Of late, European/German buods stayed resilient, outperforming US Treasuries as US yields trended again cautiously higher. Today, European yields finally started a catching up move. We didn’t see one specific reason. Several smaller factors might have been at work. A new up-leg in oil prices (and to a lesser extent in some other commodities) might have stoked inflation fears among investors in European bonds. Supply in Spain and France were also a bond negative in a daily perspective. From a technical point of view, the Bund finally dropped below Monday’s correction low, leaving a MT consolidation pattern. This break probably triggered some stop-loss repositioning on the March Bund rally. Also worth mentioning, the flatting trend on the US yields curve has halted. At the time of writing, the US yield curve bear steepens with 2-year yield little changed and the 30-year yields rising 3.7bp. German bonds show a similar move, but underperforming US Treasuries with 2-year yields rising 1.2bp and the 10-y yield rising 5 bp. Intra-EMU spread changes remain very limited across different countries with Spain slightly underperforming (+2bp).
As was the case earlier this week, there was again no clear driver for USD trading. EUR/USD again tested the 1.24 area early this morning, but there were no follow-through gains even as interest rates today moved slightly in favour of the single currency. EUR/USD hovered in a tight sideways range in the upper half of the 1.24 big figure. USD/JPY jumped to the 107 area in Asia this morning, but also this move could not be extended. USD/JPY currently trades in the 107.40 area. The rise in core yields (both in the US and Europe) might be a tentative negative for the yen. At the same time equities didn’t provide much support for the likes of EUR/JPY and USD/JPY as the equity rebound shifted into a lower gear.
Yesterday, sterling corrected lower on softer than expected UK CPI data. Today, the March UK retail sales were published. Sales again missed the consensus by a big margin. The headlined figure declined 1.2% M/M, reducing the Y/Y gain from 1.5% to 1.1% (1.9% Y/Y was expected). However, there was a good excuse for the poor sales performance: weather conditions were extremely harsh for the time of the year. Sterling briefly lost ground after the publication of the report, but the move had no strong legs. Sterling soon reversed the initial loss. EUR/GBP even returned to the 0.87 area. Cable dropped temporarily below the 1.42 handle, but the pair currently trades again in the 1.4235 area. Underlying sentiment on sterling remains quite constructive given disappointing data of late.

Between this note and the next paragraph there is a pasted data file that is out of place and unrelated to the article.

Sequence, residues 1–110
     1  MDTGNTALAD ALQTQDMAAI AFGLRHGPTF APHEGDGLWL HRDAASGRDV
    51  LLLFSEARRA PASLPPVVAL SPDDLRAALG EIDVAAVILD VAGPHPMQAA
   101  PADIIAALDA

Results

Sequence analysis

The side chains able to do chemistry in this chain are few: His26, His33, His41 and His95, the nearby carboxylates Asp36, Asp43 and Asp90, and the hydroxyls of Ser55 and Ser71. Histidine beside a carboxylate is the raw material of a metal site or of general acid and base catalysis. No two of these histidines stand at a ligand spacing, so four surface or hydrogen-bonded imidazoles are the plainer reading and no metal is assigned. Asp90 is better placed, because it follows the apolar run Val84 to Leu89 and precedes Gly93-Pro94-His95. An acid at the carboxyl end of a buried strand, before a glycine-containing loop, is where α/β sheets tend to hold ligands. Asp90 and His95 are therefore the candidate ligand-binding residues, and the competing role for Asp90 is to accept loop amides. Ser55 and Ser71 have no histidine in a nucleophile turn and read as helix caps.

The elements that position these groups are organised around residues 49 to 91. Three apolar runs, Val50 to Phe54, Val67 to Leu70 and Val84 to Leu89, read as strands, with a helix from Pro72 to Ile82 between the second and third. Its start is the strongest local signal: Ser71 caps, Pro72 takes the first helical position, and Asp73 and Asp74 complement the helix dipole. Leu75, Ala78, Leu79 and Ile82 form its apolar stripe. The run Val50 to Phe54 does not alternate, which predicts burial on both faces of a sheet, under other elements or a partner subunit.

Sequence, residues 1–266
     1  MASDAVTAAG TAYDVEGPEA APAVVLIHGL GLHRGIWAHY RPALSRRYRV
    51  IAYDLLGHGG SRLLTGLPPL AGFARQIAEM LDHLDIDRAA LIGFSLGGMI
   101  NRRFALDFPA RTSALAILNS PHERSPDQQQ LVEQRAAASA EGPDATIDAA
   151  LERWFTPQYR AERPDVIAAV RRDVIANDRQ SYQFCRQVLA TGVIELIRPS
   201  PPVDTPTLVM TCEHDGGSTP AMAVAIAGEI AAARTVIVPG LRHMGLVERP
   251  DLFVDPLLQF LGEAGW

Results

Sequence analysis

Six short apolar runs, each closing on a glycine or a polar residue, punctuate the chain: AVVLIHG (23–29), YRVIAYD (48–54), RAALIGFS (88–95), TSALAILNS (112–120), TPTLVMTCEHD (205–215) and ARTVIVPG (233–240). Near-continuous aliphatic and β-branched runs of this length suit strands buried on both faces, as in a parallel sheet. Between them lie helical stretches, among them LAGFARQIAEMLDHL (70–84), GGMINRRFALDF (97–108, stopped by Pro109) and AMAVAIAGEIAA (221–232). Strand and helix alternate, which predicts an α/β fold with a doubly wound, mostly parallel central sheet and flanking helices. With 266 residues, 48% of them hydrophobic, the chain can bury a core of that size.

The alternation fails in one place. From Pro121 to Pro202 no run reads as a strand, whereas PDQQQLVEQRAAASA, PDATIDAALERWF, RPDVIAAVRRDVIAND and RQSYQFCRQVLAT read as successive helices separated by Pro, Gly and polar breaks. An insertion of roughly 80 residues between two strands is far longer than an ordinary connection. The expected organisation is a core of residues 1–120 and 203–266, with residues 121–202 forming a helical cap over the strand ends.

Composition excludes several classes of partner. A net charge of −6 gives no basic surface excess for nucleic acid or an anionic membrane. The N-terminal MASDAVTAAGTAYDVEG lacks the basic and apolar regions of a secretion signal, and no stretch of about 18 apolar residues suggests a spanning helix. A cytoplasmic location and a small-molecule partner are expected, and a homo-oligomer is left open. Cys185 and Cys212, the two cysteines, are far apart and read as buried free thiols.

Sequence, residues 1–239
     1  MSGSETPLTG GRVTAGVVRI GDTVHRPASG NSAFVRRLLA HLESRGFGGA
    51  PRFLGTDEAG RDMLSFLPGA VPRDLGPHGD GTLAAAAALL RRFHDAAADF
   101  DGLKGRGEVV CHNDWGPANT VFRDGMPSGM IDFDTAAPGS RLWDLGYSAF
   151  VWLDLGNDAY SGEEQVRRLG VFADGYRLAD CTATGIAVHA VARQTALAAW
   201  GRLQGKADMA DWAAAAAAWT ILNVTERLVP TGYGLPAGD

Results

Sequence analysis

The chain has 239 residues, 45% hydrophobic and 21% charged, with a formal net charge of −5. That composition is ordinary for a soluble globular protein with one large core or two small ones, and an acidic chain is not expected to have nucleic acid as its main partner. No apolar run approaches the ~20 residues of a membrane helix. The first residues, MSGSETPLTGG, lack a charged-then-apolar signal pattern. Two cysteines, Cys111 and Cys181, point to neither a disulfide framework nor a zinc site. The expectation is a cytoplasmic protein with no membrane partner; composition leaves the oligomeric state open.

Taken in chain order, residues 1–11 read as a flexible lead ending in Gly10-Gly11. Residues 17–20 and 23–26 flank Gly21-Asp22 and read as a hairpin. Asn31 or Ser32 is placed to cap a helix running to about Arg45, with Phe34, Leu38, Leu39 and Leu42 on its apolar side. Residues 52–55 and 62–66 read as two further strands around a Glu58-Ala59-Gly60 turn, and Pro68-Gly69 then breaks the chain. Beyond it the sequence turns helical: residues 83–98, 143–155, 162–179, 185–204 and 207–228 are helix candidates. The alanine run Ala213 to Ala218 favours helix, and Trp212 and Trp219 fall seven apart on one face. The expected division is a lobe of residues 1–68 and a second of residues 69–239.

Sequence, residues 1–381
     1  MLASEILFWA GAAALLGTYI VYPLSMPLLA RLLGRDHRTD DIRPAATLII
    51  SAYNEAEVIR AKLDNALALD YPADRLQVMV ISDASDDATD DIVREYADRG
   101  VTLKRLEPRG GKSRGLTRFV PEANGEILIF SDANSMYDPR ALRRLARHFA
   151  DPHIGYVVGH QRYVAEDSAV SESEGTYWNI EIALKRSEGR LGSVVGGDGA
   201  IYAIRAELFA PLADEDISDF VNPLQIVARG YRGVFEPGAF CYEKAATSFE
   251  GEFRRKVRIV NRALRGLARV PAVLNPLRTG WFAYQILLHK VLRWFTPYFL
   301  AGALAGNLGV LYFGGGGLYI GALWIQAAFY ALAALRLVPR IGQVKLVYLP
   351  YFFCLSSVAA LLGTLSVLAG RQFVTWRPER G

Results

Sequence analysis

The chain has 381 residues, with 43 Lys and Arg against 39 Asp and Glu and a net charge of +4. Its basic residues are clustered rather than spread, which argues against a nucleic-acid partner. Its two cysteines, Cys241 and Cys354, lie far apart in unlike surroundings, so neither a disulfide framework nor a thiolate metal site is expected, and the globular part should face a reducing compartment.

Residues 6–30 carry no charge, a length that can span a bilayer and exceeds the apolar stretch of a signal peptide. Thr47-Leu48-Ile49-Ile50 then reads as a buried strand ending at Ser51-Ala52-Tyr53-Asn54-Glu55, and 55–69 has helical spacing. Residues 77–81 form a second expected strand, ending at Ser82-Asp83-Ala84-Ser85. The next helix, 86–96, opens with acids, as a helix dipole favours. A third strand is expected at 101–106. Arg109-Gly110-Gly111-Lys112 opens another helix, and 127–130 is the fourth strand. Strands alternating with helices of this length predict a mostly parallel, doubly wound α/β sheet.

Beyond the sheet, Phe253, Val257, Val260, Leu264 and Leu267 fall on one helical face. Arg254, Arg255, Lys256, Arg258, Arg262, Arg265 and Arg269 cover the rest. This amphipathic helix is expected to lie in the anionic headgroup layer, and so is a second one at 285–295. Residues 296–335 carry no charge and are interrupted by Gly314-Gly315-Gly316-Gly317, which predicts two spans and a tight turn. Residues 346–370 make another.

German Chancellor Angela Merkel and French president Macron indicated that they will make a united proposal for the June 19 EU summit on how they want further reforms in the EMU to proceed as both leaders agreed that the euro zone was “not yet sufficiently crisis-proof”.
UK retail sales disappointed again in March. Headline sales declined -1.2%M/M. Cold weather was partially to blame. Even so, retail sales were poor in three of the last four months. So, one can expect private consumption to have only a low contribution to Q1 UK GDP growth.
US eco data were close to expectations. Weekly jobless claims were little changed at 232k in the week ending April 14. The Philly Fed business outlook was marginally stronger than expected improving from 22.3 to 23.2 (21 was expected).